J.D. Moyer

sci-fi writer, beat maker, self-experimenter

The Joy and Beauty of Consensual Violence

I’ve been thinking about why I love to watch people fight. Especially if both combatants are skilled and each has a good chance of winning. A big part of it is the vicarious thrill–imagining myself in the ring. But sometimes I wonder…am I just bloodthirsty?

I don’t enjoy watching people get beat up (by cops, bullies, boyfriends, etc.). That kind of violence makes me sick. But when two fighters compete, and each think they can win, and the chance of permanent injury or death is low, and the fight is as fair as possible–count me in. That’s thrilling.

Consent is the difference between combat sports and assault. And not every fighter knows the difference. Some are gentle outside of the ring, others are brutes and bullies. But inside the ring (or on the football field or wrestling mat), there’s enthusiastic consent. Human beings who want to test themselves, with high stakes.

Even consensual violence should be regulated. Children shouldn’t be allowed to play tackle football, or kick each other in the head during martial arts tournaments, and kids don’t know enough to give proper consent (and they’re too vulnerable to pressure from peers, parents, and coaches). There’s too much of a chance of permanent brain damage. But I’m glad MMA, wrestling, jiujitsu, football, and boxing are legal for adults.

For me, 2017 has been a great year, but it’s been rough physically. My broken foot is healed, but I still get the odd twinge of pain, and my skateboarding days are over. My stomach is mostly healed as well, but I’ll probably be a cautious eater the rest of my life. Even without combat sports, life beats us up.

But combat sports teach us to fight, and to think clearly when the stakes are high, and to not give up even when we’re hurting.

 

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4 Comments

  1. Mark

    Interesting topic. I find it tough to resolve some cognitive dissonances around this one. Specifically around the risk of permanent brain damage (especially thinking about this not as “you never recover from one acute injury” but rather “your brain is not the same after this cumulative trauma adds up”). The NFL is obviously under heavy scrutiny on that front at the moment. I don’t know the exact science or statistics, but I can’t imagine that boxing or the MMA fare any better. MMA in theory is safer when tending towards ground fighting, but there are still plenty of super gnarly headshots. And judging by the highlight reels, it’s the big headshot takedowns which are the most thrilling crowd-pleasers.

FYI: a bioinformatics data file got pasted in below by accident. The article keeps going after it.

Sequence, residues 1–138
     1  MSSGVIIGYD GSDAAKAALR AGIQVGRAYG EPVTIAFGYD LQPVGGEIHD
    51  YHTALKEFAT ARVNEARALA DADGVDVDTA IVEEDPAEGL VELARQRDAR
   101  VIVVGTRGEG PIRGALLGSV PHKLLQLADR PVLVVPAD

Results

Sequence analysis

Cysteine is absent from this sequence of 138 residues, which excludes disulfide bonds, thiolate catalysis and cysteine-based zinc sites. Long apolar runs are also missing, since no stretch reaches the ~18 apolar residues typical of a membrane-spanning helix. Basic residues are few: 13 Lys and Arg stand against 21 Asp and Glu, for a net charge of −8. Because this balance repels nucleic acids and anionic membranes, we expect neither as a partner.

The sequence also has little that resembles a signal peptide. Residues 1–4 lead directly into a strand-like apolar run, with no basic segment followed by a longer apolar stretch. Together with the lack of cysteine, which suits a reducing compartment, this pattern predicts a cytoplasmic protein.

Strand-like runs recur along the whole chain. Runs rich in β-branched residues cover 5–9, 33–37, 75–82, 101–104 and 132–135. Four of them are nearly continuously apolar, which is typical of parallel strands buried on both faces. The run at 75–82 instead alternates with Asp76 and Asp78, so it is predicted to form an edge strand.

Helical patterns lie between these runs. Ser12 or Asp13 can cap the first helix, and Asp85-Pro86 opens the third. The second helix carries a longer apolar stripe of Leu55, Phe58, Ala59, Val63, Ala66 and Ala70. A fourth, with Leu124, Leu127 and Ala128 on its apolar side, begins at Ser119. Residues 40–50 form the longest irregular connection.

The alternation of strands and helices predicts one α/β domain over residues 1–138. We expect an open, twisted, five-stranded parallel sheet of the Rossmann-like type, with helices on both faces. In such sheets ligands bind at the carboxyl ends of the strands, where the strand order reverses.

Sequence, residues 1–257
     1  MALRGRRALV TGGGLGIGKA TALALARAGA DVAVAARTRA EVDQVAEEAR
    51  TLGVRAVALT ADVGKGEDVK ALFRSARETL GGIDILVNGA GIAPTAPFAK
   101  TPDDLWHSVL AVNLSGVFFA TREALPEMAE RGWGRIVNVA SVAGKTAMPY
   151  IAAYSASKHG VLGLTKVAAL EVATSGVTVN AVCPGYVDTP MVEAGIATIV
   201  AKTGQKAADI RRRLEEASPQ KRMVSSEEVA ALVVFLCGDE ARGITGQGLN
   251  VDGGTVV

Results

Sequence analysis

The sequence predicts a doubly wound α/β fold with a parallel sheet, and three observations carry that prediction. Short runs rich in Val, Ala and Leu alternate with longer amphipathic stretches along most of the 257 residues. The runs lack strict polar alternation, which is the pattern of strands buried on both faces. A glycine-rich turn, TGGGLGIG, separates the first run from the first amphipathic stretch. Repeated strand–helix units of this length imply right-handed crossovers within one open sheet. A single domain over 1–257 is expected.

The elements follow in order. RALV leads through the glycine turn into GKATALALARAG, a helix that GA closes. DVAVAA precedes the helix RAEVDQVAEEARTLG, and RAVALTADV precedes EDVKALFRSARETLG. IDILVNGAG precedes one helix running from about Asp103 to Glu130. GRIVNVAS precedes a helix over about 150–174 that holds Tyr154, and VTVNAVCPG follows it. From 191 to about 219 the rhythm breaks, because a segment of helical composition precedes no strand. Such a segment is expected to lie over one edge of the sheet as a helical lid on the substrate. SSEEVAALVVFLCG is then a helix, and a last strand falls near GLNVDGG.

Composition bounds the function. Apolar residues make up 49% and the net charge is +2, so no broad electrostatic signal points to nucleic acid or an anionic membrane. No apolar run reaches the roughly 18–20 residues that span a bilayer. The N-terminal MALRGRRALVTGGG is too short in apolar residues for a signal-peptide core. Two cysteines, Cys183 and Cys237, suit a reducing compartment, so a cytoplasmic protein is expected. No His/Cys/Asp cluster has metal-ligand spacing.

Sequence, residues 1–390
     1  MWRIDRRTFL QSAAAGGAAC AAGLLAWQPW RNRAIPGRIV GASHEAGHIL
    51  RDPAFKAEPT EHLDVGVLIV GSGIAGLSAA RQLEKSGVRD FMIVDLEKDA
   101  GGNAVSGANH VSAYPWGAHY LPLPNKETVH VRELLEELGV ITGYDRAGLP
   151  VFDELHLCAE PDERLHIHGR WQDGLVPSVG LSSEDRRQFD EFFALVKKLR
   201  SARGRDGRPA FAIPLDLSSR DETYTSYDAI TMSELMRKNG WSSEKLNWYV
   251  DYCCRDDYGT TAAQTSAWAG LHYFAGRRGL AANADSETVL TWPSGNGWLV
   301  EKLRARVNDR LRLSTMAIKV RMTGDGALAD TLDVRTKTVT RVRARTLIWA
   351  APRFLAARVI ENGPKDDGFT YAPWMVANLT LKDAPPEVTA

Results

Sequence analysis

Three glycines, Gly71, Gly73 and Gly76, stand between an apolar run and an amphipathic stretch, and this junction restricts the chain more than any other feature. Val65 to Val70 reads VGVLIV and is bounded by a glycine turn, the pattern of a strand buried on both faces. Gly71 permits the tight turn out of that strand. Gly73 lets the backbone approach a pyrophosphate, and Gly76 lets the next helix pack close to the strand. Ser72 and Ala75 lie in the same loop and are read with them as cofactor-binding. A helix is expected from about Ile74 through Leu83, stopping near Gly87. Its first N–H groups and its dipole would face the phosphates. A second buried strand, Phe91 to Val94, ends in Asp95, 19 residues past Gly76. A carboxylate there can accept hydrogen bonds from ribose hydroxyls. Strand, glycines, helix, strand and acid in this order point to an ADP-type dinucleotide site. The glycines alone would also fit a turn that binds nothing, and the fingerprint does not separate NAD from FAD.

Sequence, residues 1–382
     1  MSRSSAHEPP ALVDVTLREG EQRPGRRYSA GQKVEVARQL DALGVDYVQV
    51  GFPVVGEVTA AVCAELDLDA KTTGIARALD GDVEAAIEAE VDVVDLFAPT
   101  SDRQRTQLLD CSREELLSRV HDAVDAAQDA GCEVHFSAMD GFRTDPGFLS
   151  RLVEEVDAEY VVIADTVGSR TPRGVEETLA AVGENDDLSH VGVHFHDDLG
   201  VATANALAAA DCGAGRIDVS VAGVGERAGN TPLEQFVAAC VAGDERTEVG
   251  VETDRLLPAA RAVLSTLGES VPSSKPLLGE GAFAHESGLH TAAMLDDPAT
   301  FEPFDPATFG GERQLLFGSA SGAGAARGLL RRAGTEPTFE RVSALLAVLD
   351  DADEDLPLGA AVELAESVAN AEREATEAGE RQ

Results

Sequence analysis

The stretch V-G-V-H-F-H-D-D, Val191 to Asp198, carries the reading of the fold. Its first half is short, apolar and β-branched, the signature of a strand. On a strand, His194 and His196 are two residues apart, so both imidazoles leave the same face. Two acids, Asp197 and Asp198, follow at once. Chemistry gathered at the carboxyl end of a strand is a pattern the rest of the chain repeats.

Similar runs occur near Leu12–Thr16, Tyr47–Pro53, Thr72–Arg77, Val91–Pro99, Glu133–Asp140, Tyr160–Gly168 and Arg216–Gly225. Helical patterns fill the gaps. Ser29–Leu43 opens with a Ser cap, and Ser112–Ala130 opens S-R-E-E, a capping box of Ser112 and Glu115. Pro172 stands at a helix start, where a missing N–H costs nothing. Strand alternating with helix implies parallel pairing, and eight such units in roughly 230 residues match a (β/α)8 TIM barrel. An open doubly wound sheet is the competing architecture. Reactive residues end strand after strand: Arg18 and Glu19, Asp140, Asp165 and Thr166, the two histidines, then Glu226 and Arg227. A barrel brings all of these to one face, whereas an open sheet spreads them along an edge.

One difference from the NFL is that it’s pretty obvious that boxing or MMA is going to do a fair bit of damage. No one would imagine that repeated strikes to the head and concussions aren’t going to mess you up. So we implicitly assume anyone going into these sports is “eyes wide open” on the risks and making a choice. Whereas football with the pads and helmets and all that offers a veil of deniability.

    The other troubling thing there is demography. Again, I don’t have any statistics to cite, but it seems like there are economic correlations with who gets into high-risk sports in the first place e.g. my sense is that wealthier parents do not allow their children to play football at the same rate (though maybe my glasses are California-tinted, wouldn’t be surprised if this varies regionally).

    At the end of the day, I think we probably are a bit more bloodthirsty for the coliseum than we’d like to admit to ourselves. But we can only enjoy it with the seasoning of some checks in place on the ethics (e.g. brains are being damaged for our entertainment, but reasonable safety measures were taken, there was consent, etc.).

    Interestingly, I think this is going to be an interesting tension for extreme sports to confront. Which is an interesting comparison because those sports are actually pretty non-combative and non-violent. But as the stakes for “going big” get higher and higher, they’ll be more and more concussion-prone.

    • Thanks for the comment Mark. I share these same concerns. For MMA, it’s high time for some kind of fighters’ union to protect health, add economic security, and generally advocate for fighters’ rights and interests.

  2. The work of Bruno Caverna is an interesting approach to play, movement, contact and fighting. https://www.play-fight.com/

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